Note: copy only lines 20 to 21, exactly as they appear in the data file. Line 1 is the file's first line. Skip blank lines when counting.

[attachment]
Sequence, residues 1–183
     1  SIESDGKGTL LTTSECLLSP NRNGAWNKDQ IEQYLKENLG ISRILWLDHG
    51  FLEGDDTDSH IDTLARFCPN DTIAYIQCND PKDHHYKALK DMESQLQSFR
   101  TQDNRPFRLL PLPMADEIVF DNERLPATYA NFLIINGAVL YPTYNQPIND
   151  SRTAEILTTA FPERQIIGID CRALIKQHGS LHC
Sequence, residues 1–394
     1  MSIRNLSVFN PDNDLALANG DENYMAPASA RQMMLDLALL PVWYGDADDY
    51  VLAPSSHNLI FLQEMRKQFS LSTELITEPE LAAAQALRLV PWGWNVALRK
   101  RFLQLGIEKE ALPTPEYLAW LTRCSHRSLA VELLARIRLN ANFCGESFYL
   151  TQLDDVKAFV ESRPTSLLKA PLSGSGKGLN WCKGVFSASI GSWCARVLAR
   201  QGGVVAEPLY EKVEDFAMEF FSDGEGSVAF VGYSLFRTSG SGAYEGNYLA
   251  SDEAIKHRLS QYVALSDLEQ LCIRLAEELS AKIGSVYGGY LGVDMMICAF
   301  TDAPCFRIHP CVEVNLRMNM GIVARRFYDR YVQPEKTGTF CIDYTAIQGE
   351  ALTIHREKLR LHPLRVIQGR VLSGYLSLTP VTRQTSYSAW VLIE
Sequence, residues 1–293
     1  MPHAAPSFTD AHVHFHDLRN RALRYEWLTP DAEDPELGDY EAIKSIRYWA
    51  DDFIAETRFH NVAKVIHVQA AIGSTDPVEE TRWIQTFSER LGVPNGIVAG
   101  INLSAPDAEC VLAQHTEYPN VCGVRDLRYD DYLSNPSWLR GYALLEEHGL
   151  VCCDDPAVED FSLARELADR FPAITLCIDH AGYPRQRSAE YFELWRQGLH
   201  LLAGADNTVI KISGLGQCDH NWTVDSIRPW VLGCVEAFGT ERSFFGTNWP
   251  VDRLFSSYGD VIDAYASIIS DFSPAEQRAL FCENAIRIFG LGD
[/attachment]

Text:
   201  LLAGADNTVI KISGLGQCDH NWTVDSIRPW VLGCVEAFGT ERSFFGTNWP
   251  VDRLFSSYGD VIDAYASIIS DFSPAEQRAL FCENAIRIFG LGD